Art in Focus – Beech Trees at Norbury Park by JMW Turner (1775-1851)
This beautifully observed watercolour is typical of the artist’s early work
Beech Trees at Norbury Park, JMW Turner (1797) ©National Gallery of Ireland.
What is it?
A pencil and watercolour study of beech trees.
How was it done?
Turner was invited to Norbury Park in Surrey by its owner, the sculptor William Lock (sometimes spelled Locke; the family liked the idea that they might be connected to the philosopher John Locke). Lock was a wealthy amateur artist and socialite who had acquired a substantial art collection in Rome. He commissioned the young Turner to make a drawing of the fern house at Norbury. Turner did so, and the work was exhibited at the Royal Academy exhibition the following year. In the meantime, while at Norbury he made several studies of the impressive trees on the estate, including this beautifully observed watercolour. There is a similar view in the collection of the Indianapolis Museum of Art.
Where can I see it?
It is a stipulation of the Vaughan Bequest, which brought 31 watercolours and drawings by Turner to the National Gallery of Ireland in 1901, that, because of their sensitivity to natural light, the works only be exhibited in the wan light of January. Despite developments in lighting technology, that stipulation is still respected and the annual display has become a popular fixture. Usually, the exhibition is given a particular twist or focus and this year, Turner: The Visionary (The Print Gallery, National Gallery of Ireland, Clare Street/Merrion Square West, January 1st-31st, nationalgallery.ie), curated by Adrian LeHarivel and Niamh MacNally, incorporates works by more than 20 artists influenced by Turner, including Basil Blackshaw, William Leech, Evie Hone, Paul Cézanne, John Singer Sargent and Kyffin Williams.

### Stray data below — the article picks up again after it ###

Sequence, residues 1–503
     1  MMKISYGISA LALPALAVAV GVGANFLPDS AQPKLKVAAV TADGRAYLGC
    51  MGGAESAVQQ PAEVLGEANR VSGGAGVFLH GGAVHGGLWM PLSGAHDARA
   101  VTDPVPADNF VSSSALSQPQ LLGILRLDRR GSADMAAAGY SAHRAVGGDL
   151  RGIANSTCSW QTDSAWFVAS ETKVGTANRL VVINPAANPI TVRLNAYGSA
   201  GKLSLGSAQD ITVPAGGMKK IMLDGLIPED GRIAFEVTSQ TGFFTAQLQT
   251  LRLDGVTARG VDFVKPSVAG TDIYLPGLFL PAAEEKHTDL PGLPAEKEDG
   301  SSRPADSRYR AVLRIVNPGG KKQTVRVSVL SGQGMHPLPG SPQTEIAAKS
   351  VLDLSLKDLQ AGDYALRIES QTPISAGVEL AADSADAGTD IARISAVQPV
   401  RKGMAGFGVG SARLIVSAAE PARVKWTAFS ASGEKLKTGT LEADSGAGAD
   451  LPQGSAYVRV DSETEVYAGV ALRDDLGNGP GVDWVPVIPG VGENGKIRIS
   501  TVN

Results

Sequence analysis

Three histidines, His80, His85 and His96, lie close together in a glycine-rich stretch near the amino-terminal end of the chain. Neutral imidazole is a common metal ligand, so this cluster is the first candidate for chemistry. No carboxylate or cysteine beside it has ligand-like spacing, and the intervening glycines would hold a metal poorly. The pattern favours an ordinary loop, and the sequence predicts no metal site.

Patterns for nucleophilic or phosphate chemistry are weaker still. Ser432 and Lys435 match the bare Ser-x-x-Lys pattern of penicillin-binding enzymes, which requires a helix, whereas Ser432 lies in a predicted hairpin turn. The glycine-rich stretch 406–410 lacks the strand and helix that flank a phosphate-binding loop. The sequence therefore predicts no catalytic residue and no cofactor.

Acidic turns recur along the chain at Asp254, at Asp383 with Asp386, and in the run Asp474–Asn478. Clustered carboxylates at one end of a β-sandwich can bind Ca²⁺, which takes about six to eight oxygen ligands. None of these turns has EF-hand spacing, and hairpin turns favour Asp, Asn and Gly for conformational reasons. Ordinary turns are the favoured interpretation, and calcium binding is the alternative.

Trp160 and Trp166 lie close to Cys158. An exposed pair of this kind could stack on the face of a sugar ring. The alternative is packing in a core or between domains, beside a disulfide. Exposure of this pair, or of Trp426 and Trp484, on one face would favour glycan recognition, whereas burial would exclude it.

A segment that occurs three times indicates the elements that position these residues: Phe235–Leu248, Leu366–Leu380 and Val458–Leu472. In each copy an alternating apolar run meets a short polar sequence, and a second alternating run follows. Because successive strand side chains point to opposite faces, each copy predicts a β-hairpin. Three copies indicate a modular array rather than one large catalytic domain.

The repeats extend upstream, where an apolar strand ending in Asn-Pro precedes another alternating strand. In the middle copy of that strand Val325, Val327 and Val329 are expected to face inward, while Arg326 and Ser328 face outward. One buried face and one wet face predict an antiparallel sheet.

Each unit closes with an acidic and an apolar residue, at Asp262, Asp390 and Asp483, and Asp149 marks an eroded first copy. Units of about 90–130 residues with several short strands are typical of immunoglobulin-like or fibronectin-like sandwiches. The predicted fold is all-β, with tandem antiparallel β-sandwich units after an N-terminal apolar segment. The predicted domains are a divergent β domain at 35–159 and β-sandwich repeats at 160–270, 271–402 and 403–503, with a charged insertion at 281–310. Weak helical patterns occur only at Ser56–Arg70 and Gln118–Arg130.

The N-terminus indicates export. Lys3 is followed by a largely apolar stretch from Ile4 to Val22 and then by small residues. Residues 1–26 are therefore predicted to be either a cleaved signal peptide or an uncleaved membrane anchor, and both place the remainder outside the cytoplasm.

Is it a typical work by the artist?
It is typical. With good reason, the popular view of Turner tends to focus on his later work, especially those magnificent paintings, often related to the sea, when the tangible world seems to dissolve in atmospheric expanses of light, air and water. But Turner served a long apprenticeship and rose through the artistic ranks. His father was a Covent Garden barber. The young Turner showed great artistic aptitude from an early age and became a student at the Royal Academy Schools in his mid-teens. From then on, extraordinary industry became the norm for him. His phenomenal ability as a topographical landscape artist brought financial success, acclaim and upward social mobility, though he remained a temperamental outsider among the upper classes.
An inveterate traveller, his work was his central obsession, probably to the detriment of his personal life. He was close to Sarah Danby for several years and he is usually assumed to be the father of the two daughters she had during this time. Her husband’s niece, Hannah, was Turner’s housekeeper for 40 years. Mike Leigh controversially visualised a brutal sexual encounter between them in his film Mr Turner. Though Turner remained intensely close to his father, who effectively worked for him until his death in 1829, his mother died in an asylum. The painter’s artistic achievements and legacy are immense.